All Posts Tagged: balance sheet

U.S. Outlook: Will consumers save the day?

Scott Anderson
Chief Economist

I’m skeptical that U.S. consumers can keep the slowdown, which is centered in manufacturing and business investment, from seeping into other corners of the economy.

U.S. consumers won’t be able to keep spending at a growth rate of more than 3% in the quarters ahead.  We forecast real consumer spending at just below 2% in the second half of 2019 and slipping well below 2% next year, as the risks from the global slowdown, trade wars, tighter financial conditions, and fading fiscal stimulus continue to mount.

For more on this, see highlights of my report below, followed by a link to the full U.S. Outlook, delivered on June 28.

Key observations:
  • We can’t count on the U.S. consumer to keep spending at a growth rate of more than 3%
  • Monthly job growth will continue to slow in the quarters ahead
  • Household balance sheets are fine now but may weaken as home price growth slows
  • Average hourly earnings growth remains below real consumer spending growth rates

Read my full report.

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Instant Analysis: July FOMC statement

Scott Anderson
Chief Economist
Closeup of intricate window designs on the Federal Reserve building.

The FOMC dropped a big hint in today’s FOMC  statement that implementation of the Fed’s balance sheet normalization plan will take place “relatively soon.”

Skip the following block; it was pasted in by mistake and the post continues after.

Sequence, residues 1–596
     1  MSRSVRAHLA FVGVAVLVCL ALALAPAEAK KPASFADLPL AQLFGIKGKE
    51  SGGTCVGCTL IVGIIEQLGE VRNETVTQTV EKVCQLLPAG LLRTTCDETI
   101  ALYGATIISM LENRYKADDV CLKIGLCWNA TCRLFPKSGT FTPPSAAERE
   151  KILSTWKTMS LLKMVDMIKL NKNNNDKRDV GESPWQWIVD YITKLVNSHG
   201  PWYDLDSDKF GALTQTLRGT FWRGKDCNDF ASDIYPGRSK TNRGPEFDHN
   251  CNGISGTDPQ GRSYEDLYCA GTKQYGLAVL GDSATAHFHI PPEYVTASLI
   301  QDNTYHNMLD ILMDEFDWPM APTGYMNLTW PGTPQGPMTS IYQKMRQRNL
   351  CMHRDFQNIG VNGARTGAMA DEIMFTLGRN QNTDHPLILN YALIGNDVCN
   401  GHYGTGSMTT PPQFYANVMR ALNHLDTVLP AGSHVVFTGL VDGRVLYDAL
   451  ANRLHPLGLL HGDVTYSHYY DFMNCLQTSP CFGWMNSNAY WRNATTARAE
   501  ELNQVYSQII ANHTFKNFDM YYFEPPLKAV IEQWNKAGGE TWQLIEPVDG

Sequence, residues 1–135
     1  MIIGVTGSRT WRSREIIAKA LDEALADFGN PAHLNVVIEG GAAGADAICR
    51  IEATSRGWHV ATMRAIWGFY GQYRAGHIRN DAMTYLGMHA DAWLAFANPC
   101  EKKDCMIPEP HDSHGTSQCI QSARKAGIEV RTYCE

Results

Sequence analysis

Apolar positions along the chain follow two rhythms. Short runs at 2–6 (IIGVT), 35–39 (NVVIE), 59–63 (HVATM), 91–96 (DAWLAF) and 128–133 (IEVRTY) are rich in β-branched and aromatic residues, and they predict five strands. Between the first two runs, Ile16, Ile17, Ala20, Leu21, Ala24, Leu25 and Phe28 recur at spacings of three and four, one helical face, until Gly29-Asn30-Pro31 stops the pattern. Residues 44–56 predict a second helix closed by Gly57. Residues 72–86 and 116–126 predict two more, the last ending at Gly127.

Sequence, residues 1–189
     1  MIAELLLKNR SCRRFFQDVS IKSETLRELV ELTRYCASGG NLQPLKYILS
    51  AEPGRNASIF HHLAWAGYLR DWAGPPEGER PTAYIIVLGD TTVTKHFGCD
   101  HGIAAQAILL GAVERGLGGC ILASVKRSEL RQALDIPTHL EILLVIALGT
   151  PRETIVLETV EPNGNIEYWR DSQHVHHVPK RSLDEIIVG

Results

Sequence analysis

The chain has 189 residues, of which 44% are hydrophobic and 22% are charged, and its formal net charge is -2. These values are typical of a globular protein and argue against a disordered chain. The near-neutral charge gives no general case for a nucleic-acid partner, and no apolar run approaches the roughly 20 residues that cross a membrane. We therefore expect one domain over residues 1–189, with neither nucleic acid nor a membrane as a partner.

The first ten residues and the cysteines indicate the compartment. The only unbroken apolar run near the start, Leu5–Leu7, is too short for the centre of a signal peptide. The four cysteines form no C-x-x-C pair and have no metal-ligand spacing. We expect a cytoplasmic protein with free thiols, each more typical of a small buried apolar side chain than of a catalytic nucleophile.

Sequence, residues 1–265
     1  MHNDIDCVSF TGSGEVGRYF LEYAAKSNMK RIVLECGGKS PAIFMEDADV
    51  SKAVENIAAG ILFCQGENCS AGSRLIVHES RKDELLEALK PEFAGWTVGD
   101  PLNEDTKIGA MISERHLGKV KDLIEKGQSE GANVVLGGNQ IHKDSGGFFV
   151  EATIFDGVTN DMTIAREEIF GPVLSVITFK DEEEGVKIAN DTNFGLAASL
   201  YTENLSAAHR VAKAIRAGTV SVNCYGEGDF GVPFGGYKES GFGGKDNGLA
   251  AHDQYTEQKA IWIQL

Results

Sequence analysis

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U.S. Outlook: Fed balance sheet reduction is right around the corner

Scott Anderson
Chief Economist
Graph showing trends as a result of Fed balance sheet reduction

The summer is just flying by, and that means another FOMC rate decision and statement next week.

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Instant Analysis: ‘Doves cry’ in the aftermath of the June FOMC statement

Scott Anderson
Chief Economist
Closeup on the eagle sculpture near top of the Federal Reserve building in Washington.

The FOMC failed to blink in the face of widespread market skepticism about the Fed’s projected fed funds rate path as it increased the fed funds target range by a quarter percentage point today to between 1.0 and 1.25%.

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Instant Analysis: FOMC decision & statement for February

Scott Anderson
Chief Economist
Federal Reserve at dusk.

There were few surprises in today’s Federal Open Market Committee (FOMC) decision and statement to hold the fed funds target rate at between 0.50 and 0.75%.

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